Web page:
Almost Forgot: One Potential F-35 Loadout:
One CUDA Missile Carriage Concept:  12 CUDAs in F-35 Weapon Bays, 6 to a side.
P.S. Dave Majumdar at Flight Global has a short note up about the CUDA with some good points but some pretty boilerplate-lousy unattributed quotes. One in particular:
Another source adds: "Let's just say if they can turn a missile into a 'hittile' that is a big deal."
If you weren't around when British Aerospace was using that turn of the phrase as a marketing hook for their point-defense Rapier missile system, you might think the 'another source' above was being pretty clever.


NobodyMinus said...

Part of the unknown section is a high explosive unless that yellow band means something different than it used to. Probably not the whole section, but at least some of it. Most HTK systems have at least some explosive filler to supplement the impact IIRC, so it makes sense there too.

B.Smitty said...

I don't get the concept here. CUDA appears to be 60% of an ASRAAM (maybe a bit more given the small warhead). There's no mention of using novel propulsion, so I have to believe this is a WVR round, right?

The Aviationist speculates its use against SAMs, rockets or other missiles, but is that really a needed capability?

SMSgt Mac said...

So true.
That is almost the exact sentiment, in different words, that I posted in response to a commenter @ The Aviationist's place, and similar to what I said at The Unwanted Blog (Citing MilStd-709D no less.

SMSgt Mac said...

Hi Smitty.
I didn't have an opinion as to 'range' until I started playing with possible mass properties using the SDB dimensions and assuming same or incrementally improved tech over the AMRAAM. I hear that it is now 'out there' that this is a 'Medium Range' missile, and I believe it. I'll be crunching some speculative, but formed by logic and experience, numbers in my next post. Could be right or wrong, but it will 'make sense'. I'm also not ruling out a dual-capable A2A/A2G weapon, when launched by the right aircraft.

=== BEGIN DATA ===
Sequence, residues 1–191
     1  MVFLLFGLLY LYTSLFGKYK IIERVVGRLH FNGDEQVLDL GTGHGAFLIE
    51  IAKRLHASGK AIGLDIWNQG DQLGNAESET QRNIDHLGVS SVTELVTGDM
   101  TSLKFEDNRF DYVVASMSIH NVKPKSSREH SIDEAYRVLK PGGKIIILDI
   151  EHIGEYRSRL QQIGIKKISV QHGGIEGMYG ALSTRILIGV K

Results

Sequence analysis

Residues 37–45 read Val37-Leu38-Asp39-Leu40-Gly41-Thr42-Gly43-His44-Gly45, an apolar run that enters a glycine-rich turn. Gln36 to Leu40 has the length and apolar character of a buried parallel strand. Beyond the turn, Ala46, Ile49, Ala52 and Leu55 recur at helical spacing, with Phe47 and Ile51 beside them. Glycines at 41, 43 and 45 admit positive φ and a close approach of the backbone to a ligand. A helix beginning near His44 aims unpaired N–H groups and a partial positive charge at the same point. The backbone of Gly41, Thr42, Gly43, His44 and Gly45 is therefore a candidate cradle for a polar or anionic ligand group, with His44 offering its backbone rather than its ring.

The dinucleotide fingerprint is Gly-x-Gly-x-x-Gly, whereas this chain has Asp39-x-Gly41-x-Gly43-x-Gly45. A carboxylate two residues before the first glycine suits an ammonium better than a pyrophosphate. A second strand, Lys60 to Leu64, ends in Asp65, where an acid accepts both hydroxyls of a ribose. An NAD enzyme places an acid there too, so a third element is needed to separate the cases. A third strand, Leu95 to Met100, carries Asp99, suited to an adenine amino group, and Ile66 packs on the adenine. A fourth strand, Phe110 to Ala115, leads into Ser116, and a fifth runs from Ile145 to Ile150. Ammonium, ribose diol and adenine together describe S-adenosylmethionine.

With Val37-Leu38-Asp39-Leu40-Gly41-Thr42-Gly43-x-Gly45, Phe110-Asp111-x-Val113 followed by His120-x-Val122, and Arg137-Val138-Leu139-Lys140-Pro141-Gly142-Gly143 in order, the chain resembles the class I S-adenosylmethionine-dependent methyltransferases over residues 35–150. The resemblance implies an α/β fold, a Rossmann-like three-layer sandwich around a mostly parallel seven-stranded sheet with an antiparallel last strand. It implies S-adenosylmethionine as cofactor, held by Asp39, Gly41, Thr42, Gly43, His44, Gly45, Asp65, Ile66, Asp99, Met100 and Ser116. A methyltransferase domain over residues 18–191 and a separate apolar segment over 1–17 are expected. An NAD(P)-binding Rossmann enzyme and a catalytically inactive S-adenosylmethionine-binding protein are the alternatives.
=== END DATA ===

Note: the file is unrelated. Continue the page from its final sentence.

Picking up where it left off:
S O said...

The "???" part is probably (likely) meant to be a central battery and/or explosive with a ring of minute charges around.
These are also known as "lateral control" or from MBDA: "PIF" (pilotage en force).

Such minute charges support maneuvrability.
Every such 'dot' has (I suppose) a slow-burning charge (more like rocket than explosive) that yields a sideways thrust once for a short time (split second). This is off-centre of gravity and thus imparts a turning moment on the missile.

SMSgt Mac said...

Hello S O
Yes, that was pretty much what shook out a few days later. See: http://elementsofpower.blogspot.com/2012/12/the-mysterious-lm-cuda-missile.html
Thanks for taking time and interest!

S O said...

Ah, well. Only found your blog minutes before I commented...

Back in 2012, this was my take on it:
I linked to a forum there, and said forum has later info on the missile.